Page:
impel

Impel vs Mandate - What's the difference?

impel | mandate |


As verbs the difference between impel and mandate

is that impel is to urge a person; to press on; to incite to action or motion via intrinsic motivation (contrast with propel, to compel or drive extrinsically) while mandate is .

Dispel vs Impel - What's the difference?

dispel | impel |


As verbs the difference between dispel and impel

is that dispel is to drive away by scattering, or to cause to vanish; to clear away; to banish; to dissipate while impel is to urge a person; to press on; to incite to action or motion via intrinsic motivation (contrast with propel, to compel or drive extrinsically).

Hearten vs Impel - What's the difference?

hearten | impel | Related terms |

Hearten is a related term of impel.


As verbs the difference between hearten and impel

is that hearten is to give heart to; to encourage, urge on, cheer, give confidence to while impel is to urge a person; to press on; to incite to action or motion via intrinsic motivation (contrast with propel, to compel or drive extrinsically).

Affect vs Impel - What's the difference?

affect | impel | Related terms |

Affect is a related term of impel.


In lang=en terms the difference between affect and impel

is that affect is to make a show of; to put on a pretence of; to feign; to assume to make a false display of while impel is to drive forward; to propel an object.

As verbs the difference between affect and impel

is that affect is to influence or alter or affect can be (obsolete|transitive) to aim for, to try to obtain while impel is to urge a person; to press on; to incite to action or motion via intrinsic motivation (contrast with propel, to compel or drive extrinsically).

As a noun affect

is (obsolete) one's mood or inclination; mental state.

Impel vs Propose - What's the difference?

impel | propose | Related terms |

Impel is a related term of propose.


As verbs the difference between impel and propose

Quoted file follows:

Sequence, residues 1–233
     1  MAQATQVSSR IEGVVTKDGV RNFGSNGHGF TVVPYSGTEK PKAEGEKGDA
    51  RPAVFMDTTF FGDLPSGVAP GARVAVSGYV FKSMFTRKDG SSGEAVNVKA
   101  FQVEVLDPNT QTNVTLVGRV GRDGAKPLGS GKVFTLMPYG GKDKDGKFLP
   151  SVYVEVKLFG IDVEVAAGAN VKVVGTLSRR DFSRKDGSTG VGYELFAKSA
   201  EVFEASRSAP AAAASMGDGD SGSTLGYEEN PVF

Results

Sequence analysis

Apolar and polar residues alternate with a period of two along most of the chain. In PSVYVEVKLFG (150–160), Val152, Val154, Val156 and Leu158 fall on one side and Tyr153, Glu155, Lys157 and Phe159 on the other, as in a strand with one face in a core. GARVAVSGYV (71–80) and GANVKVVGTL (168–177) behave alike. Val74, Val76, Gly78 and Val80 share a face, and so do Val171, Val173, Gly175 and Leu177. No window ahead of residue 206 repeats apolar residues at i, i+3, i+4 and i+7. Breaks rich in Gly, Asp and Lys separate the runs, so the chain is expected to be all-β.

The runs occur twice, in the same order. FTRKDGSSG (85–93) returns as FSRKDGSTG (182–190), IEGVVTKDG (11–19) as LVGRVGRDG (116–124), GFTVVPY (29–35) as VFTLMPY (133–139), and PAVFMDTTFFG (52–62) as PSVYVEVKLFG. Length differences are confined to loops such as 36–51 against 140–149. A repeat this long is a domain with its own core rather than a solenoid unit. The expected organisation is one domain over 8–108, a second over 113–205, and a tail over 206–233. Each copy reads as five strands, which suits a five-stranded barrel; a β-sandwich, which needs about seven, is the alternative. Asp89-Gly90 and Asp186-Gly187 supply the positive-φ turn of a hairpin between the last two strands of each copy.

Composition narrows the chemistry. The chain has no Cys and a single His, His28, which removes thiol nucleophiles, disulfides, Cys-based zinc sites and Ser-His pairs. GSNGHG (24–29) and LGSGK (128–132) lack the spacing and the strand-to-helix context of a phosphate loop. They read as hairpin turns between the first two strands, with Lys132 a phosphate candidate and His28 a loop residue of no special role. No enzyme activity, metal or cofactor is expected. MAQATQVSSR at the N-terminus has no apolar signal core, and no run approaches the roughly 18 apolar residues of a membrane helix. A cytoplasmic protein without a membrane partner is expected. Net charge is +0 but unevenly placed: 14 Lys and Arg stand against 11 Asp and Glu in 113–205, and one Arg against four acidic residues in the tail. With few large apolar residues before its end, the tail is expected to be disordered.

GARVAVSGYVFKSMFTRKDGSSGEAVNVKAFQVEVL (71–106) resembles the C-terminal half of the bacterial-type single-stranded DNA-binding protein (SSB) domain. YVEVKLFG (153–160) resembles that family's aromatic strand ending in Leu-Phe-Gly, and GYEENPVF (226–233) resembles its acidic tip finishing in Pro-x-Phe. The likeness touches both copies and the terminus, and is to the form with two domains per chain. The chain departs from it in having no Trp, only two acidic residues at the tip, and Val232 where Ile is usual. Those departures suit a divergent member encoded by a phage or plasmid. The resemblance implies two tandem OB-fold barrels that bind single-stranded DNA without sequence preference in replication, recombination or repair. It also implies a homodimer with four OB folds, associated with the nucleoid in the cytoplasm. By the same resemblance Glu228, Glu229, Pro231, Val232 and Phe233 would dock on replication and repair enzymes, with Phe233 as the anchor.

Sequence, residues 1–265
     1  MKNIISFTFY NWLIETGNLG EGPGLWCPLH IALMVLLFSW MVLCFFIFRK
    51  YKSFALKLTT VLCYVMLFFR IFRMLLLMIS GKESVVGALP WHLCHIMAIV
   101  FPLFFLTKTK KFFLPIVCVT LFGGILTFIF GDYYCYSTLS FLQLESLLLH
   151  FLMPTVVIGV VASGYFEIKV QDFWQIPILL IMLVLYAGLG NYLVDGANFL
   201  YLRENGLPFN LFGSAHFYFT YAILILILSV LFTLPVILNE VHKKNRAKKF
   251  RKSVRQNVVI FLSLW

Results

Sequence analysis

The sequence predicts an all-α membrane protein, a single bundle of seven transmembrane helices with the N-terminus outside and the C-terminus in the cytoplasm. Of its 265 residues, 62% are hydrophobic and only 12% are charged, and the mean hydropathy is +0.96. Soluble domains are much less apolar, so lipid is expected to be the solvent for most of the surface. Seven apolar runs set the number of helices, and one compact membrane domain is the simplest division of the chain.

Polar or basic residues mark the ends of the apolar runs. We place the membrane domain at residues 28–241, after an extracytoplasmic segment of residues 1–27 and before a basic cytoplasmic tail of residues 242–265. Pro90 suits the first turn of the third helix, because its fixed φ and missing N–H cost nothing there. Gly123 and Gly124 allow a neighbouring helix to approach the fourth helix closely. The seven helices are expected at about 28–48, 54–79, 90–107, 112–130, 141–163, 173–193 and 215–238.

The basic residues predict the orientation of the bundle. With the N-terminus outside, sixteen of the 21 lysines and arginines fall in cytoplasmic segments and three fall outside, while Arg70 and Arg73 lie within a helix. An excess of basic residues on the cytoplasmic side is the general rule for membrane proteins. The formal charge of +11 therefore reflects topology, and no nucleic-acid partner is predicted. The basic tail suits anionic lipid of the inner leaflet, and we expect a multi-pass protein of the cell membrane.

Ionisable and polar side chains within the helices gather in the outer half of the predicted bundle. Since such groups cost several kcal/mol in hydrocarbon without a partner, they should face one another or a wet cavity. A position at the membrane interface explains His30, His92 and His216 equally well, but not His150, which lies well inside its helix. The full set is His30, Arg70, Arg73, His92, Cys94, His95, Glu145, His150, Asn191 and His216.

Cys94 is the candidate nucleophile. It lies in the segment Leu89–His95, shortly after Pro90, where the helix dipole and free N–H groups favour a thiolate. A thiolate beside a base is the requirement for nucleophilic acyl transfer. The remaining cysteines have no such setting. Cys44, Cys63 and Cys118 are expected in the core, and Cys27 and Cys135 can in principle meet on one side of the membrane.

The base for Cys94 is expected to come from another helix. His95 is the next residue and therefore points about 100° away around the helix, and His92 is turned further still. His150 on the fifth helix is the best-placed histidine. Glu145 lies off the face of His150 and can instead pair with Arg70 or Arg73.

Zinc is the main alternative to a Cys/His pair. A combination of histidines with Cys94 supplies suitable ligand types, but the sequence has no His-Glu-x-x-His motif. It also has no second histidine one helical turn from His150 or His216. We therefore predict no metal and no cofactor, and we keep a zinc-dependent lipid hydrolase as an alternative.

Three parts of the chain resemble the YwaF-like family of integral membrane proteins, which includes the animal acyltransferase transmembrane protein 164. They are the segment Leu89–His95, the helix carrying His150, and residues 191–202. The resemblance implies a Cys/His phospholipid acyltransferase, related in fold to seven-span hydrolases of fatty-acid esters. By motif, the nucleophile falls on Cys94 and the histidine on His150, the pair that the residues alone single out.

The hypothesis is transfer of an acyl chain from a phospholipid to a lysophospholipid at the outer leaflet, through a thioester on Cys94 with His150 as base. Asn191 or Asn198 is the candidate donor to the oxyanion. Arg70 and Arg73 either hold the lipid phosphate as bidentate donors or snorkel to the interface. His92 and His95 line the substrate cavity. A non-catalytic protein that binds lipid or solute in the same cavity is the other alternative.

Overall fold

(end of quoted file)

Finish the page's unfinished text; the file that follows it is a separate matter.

is that impel is to urge a person; to press on; to incite to action or motion via intrinsic motivation (contrast with propel, to compel or drive extrinsically) while propose is .

Impel vs Hustle - What's the difference?

impel | hustle |


In lang=en terms the difference between impel and hustle

is that impel is to drive forward; to propel an object while hustle is to bundle, to stow something quickly.

As verbs the difference between impel and hustle

is that impel is to urge a person; to press on; to incite to action or motion via intrinsic motivation (contrast with propel, to compel or drive extrinsically) while hustle is to rush or hurry.

As a noun hustle is

a state of busy activity.

Impel vs Implore - What's the difference?

impel | implore |


As verbs the difference between impel and implore

is that impel is to urge a person; to press on; to incite to action or motion via intrinsic motivation (contrast with propel, to compel or drive extrinsically) while implore is .

Encourage vs Impel - What's the difference?

encourage | impel | Related terms |

Encourage is a related term of impel.


As verbs the difference between encourage and impel

is that encourage is while impel is to urge a person; to press on; to incite to action or motion via intrinsic motivation (contrast with propel, to compel or drive extrinsically).

Impel vs Promote - What's the difference?

impel | promote | Related terms |

Impel is a related term of promote.


As verbs the difference between impel and promote

is that impel is to urge a person; to press on; to incite to action or motion via intrinsic motivation (contrast with propel, to compel or drive extrinsically) while promote is to raise (someone) to a more important, responsible, or remunerative job or rank.

Impel vs Irritate - What's the difference?

impel | irritate | Related terms |

Impel is a related term of irritate.


As verbs the difference between impel and irritate

is that impel is to urge a person; to press on; to incite to action or motion via intrinsic motivation (contrast with propel, to compel or drive extrinsically) while irritate is (lb) to provoke impatience, anger, or displeasure.

Pages